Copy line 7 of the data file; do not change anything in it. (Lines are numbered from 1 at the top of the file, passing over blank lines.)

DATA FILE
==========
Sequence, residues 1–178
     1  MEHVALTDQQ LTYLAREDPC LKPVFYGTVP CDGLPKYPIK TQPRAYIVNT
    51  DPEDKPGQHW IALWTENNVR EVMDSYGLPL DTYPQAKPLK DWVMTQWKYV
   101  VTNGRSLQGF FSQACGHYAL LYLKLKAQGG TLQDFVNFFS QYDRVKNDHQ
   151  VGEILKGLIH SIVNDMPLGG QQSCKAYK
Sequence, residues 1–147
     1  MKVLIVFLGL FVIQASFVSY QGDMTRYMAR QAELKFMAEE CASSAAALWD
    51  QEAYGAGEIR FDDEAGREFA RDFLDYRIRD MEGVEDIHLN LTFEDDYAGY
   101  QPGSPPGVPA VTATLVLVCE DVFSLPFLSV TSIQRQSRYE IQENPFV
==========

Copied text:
     1  MKVLIVFLGL FVIQASFVSY QGDMTRYMAR QAELKFMAEE CASSAAALWD